Homebuilders suffer slowdown over tax hike


Major homebuilders are suffering an unexpectedly prolonged and deep slowdown in orders for custom-built homes, following a rush of demand toward the end of September last year, when a special exemption from the higher consumption tax ended.

While the tax rate was raised from 5 percent to 8 percent at the start of this month, the government allowed the lower tax rate to be applied to custom-built home contracts signed by the end of September, including those with deliveries after the tax hike.

Thanks to the measure, major homebuilders enjoyed year-on-year growth of up to some 70 percent in the value of new custom-built home contracts last September. Over the next six months, however, new contracts fell heavily.

In March, new contracts slumped 34 percent at Sekisui House Ltd. and Mitsui Home Co. Other firms also suffered double-digit falls.

Homebuilders were initially optimistic about the tax hike-related slowdown, counting on additional relief measures by the government as well as the improving economy. Sekisui House Chairman Isami Wada had predicted that the slowdown would last no longer than three months.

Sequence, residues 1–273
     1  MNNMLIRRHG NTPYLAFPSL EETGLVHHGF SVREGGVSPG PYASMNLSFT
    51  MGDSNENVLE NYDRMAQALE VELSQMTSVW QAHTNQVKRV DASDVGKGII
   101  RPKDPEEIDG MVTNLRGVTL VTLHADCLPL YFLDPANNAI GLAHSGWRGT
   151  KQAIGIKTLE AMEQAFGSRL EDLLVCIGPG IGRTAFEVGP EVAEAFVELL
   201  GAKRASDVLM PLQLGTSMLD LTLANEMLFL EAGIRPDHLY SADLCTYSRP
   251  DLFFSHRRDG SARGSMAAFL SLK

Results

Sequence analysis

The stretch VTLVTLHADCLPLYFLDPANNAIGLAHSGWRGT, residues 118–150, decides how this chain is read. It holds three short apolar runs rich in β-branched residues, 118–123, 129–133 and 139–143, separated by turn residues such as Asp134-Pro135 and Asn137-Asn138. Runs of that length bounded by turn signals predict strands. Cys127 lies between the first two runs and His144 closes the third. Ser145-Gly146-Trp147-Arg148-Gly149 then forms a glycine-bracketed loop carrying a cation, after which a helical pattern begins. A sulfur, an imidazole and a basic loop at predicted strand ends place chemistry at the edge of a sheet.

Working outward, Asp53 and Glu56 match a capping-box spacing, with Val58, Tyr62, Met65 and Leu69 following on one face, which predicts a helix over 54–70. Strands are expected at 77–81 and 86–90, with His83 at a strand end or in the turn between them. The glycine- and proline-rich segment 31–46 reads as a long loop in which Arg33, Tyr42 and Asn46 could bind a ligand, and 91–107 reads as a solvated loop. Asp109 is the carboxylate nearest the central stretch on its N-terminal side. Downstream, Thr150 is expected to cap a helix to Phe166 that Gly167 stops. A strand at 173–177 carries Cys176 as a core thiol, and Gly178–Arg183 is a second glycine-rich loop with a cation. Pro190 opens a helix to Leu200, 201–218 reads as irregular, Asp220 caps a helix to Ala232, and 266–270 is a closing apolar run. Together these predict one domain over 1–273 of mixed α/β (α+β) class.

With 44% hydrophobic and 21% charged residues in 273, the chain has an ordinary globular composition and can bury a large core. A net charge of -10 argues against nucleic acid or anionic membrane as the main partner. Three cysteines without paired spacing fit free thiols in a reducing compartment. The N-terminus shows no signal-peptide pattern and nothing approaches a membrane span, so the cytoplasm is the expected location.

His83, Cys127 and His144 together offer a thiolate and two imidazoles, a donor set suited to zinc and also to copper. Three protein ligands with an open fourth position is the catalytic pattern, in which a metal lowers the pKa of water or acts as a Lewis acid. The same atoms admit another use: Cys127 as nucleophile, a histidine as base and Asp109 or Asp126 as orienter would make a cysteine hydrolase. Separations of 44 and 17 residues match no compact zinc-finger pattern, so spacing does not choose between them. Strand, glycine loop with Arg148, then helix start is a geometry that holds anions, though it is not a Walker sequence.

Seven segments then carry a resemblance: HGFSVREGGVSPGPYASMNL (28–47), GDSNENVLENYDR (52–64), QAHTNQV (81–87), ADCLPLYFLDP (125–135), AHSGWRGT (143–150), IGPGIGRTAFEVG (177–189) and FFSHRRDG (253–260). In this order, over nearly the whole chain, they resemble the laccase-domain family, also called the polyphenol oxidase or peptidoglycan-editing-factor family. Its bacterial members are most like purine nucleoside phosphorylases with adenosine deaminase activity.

But the optimism is now gone. Since last October, homebuilders have offered low-cost homes, as well as homes with high-capacity solar panels and enhanced aseismic capacity. Demand has not yet recovered, however.

“The situation is worse than we had expected,” Sumitomo Forestry Co. Chairman Ryu Yano said. “Unless we do something about it, double-digit falls (in new contracts) could continue.”

The custom-built homes market is now unlikely to rebound anytime soon. Without fresh incentives, “many consumers feel no need to hurry purchases now,” a Sekisui Chemical Co. official said.

Yoji Otani, senior analyst at Deutsche Securities Inc., said that new custom-built home contracts are likely to continue suffering year-on-year falls at least until the end of this year.

Viewing housing investment as a pillar of domestic demand, with a slowdown having a serious impact on the overall economy, the Japan Federation of Housing Organizations plans to ask the government for additional steps to encourage potential homebuyers.

Specifically, the federation is expected to call for raising the limit for tax-free fund donations from parents to their children for home purchases and further expanding the existing housing loan tax relief.

Yet, the government may not be very sympathetic to homebuilders, as the demand surge ahead of the consumption tax hike helped them enjoy solid earnings.